Similar to the last eleven months, there was a lot of "when in Rome..." kinda mentality to my driving. 

Is this a two lane street? One lane? No one knows...until a car passes you, on either the right or the there are zero lane markers. 

Most the roads so have some sort of lanes distinguished, thankfully.
There are also Stop signs, which judging by the drivers here, are merely suggestions. 

Speaking of signs, the exits on the highway are all labeled. I mean, the sign may be well after the actual exit, but it will be there. Lots and lots of catching the next exit and turning around. 

Once I was driving on the highway and approached four lanes of brake lights. I, of course, started to slow down, thinking there must be some sort of accident. As we inched closer, I was able to see that, nope, there was no accident, but instead a bus in the far left lane was needing to be in the far right lane so he could catch the exit. Naturally, he just halted his driving, and stopped all traffic while he crossed all four lanes and took his desired path.
Not a single driver honked or expressed frustration at him.
Because, KUWAIT.

Sometimes the "lane" you're in, just flat out disappears...

...that, my friends, is a four lane highway. Or it was, before the line markers simply vanished.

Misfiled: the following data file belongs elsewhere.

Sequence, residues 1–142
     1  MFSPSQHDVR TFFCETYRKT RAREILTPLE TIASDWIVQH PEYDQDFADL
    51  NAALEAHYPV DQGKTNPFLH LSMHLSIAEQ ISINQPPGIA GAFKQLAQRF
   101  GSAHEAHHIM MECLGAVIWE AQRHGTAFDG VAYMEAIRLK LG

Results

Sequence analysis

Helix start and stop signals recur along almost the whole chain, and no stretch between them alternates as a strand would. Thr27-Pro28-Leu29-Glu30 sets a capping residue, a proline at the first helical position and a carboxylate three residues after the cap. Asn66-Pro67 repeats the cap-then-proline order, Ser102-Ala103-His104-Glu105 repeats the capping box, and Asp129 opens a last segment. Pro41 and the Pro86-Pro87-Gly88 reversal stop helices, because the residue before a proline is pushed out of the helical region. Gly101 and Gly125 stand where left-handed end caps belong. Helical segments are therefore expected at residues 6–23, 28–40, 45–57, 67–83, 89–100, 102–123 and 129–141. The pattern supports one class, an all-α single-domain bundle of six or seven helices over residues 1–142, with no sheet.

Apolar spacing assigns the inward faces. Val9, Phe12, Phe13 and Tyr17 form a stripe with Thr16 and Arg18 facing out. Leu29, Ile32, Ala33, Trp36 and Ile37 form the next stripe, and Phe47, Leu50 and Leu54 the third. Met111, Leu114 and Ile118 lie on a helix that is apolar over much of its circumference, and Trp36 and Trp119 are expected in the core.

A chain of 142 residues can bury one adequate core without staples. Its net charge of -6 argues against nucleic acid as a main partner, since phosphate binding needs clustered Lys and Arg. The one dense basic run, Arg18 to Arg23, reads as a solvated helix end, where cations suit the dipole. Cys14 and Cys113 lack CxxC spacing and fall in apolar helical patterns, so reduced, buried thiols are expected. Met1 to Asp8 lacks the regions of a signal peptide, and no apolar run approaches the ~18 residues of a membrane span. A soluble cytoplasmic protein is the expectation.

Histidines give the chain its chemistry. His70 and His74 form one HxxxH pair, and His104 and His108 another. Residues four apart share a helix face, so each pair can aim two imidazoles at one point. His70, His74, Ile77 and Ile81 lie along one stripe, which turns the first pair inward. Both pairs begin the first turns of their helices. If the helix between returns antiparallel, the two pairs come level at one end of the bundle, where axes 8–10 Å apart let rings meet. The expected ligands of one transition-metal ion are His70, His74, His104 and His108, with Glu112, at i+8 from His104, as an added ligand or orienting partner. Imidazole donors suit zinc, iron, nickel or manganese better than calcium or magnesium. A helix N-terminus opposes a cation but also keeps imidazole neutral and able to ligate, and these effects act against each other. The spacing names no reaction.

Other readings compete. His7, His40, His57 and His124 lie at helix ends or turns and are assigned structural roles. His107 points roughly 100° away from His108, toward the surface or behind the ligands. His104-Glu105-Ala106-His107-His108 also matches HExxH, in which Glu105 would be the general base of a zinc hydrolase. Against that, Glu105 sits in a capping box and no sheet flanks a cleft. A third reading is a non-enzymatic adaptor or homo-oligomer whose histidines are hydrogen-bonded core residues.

Need to fill up? Easy peasy. 
And cheap.
Filling the tank of an SUV costs 7Dinar, 500 Fills...$24.89.
Hello Land of Oil.

Sometimes you're driving along, minding your own business, and you learn something new. Like that the emergency lane that is on the left often doubles as a passing lane in Kuwait...

And no more parking spots? 
No problem.
Just pull your car up on the sidewalk and park where ever you'd like...

Most roads here are one way, with a heavy divider in the middle. This eliminates the crossing-traffic-to-make-a-turn, and offers up multiple opportunities for u-turns and really fun near-death-experiences of merging and trying to exit in these roundabouts...

Our friends returned to Kuwait, and we returned the car, and I gained more confidence in my ability to navigate life here.
And I again reminded myself to never say never, as I'd previously stated I'd never drive here. 
I also declared I'd never acclimate to the heat here, but as I dropped the car off at the airport a few evenings ago and waited for a taxi home, I couldn't help but appreciate the breeze and that the day had cooled down...only to look at my phone and learn it was 111 degrees.



  1. You are a beast and I am super proud of you!

  2. And this is what I call winning, my friend! You are the man. :)

    I totally hear ya on the weather front. Walked to our bakala last night to buy a phone card and came home to tell David, "Would you believe that I didn't even break a sweat? It feels like it's finally cooling down a bit." Then I checked the weather, and it was 45 Celsius....

    Also, I cannot wait to get my drivers license! We've only been driving (well, David is driving, I'm just co-piloting) for about two weeks now, and it's been a game-changer. So glad you got to have your friends' car for a month!